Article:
Challenger Safety: As an Instructor, don't I lose control?Mar 05, 2022
I was recently asked, “As an instructor, how do you encourage challenger safety without putting the essential leadership of the instructor's role in danger?” This is a very important point and so I am going to dedicate a blog to answer it. This ended up a bit longer than expected, but I know it is worth it to bring all the points together as they roll on from one another.
The first part is to recognise that as an instructor, you are leading a team that is undertaking educational development – improving knowledge, technical and non-technical skills. As you are part of that team, you are also going to be (or should be) learning. Classes should not just be about imparting your knowledge and experience to the students so that they can pass it, the class is also about you improving yourself in your own knowledge and performance and learning from your students.
Both students and instructor, leader and followers, are revolving around a common purpose of improvement. If you are instructing with the premise that "I am going to teach the students how to pass this course, and I don’t need to learn anything new", then you are not going to be creating an environment of psychological safety and you are creating a barrier to your own development too.
What is Psychological Safety?
“Psychological safety is an environment of rewarded vulnerability” – Dr Timothy Clark.
What does rewarded vulnerability mean? At its most basic level, it means that you are not going to feel shame, awkwardness, ridicule, blame, or any other negative feelings when you ask a question, make a mistake, contribute to the conversation, or challenge the status quo. It is not just a one-to-one issue (trust), it also relates to members of the team and how they will influence your internal feelings.
Dr Amy Edmondson describes the internal decision-making process we take when in uncertain social situations: We weigh up the benefits and consequences of speaking up or contributing to the conversation now versus staying quiet. If we speak up now, the consequences are immediate and we might end up feeling stupid, but if we stay quiet, the problem might go away, and no one will know that there was an issue.
For example, a student on a course might notice that the instructor isn’t doing his pre-dive checks properly, hasn’t demonstrated a skill correctly by forgetting part of the sequence or is giving a presentation where the material is not aligned with current scientific thinking or there is a known problem with it. This is not likely to be intentional, instructors make mistakes too.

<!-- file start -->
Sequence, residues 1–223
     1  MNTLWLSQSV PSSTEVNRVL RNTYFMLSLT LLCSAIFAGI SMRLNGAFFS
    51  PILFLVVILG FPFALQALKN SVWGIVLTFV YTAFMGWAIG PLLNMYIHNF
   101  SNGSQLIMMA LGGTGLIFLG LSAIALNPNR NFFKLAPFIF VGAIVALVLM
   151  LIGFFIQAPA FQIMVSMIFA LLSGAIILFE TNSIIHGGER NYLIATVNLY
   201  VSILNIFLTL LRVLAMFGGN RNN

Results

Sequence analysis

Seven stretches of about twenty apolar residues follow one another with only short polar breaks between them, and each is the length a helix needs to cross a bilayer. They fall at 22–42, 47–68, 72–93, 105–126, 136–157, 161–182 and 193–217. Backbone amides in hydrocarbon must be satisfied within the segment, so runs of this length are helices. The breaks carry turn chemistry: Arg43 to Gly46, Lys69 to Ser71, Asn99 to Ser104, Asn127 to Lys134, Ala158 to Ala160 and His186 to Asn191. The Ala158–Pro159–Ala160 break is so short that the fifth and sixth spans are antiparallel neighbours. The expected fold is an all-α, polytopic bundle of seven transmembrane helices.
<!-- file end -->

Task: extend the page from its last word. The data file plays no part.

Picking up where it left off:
The student has a ‘choice’. ‘Choice’ is in inverted commas because often it is not a conscious choice, it is based on previous direct experiences, observed experiences, or experiences heard from others.
- How well does the instructor take critique or feedback?
- How well does the team know each other?
- Did anyone else notice?
- What are the consequences and how recoverable is the situation?
- Do I understand the issue, so am I correct in my thoughts?
Do these sound familiar to you? If so, this is what psychological safety is all about. If the wrong ‘choice’ is made and we get a psychologically threatening response (sarcasm, being ignored laughed at), then the feelings we create inside us are like those when physical pain is experienced. As such, we engage a defensive mechanism, we stop engaging and learning.
The Four Stages
What Dr Timothy Clark has shown is that psychological safety exists in four stages and that you can’t easily access the upper levels until the lower levels are in place. The four stages are:
- Feel safe to be part of the team.
- Learning safety. Feel safe to make a mistake.
- Contributor safety. Feel safe to contribute.
- Challenger safety. Feel safe to challenge the status quo in good faith.
The following four sections will look at what each stage means in a little more detail and then give examples of how to reward acts of vulnerability. These come from the work of Dr Timothy Clark and Leaderfactor.com
This is where we feel part of the group or team. We often do this by being part of a ‘tribe’.
- Open circuit diver, side-mount diver, CCR diver, technical diver.
- PADI, BSAC, GUE, TDI, IANTD…diver.
- Student, instructor, instructor trainer, course director.
- Male, female.
- Young, old.
There is significant research that looks at the positive and negative behaviours associated with being in-group or out-group. We break these negative behaviours down by being inclusive. We are all divers. In a class, we are all learning. At its most fundamental level, we are all human and should be treated with respect and dignity. We create inclusion by demonstrating it.
Some examples of how to create inclusion safety.
Introduce yourself at the first opportunity. Be proactive to introduce yourself to those who are new, or you don’t know. Once you break down these introductory barriers and display warmth and acceptance, a sense of inclusion forms rapidly.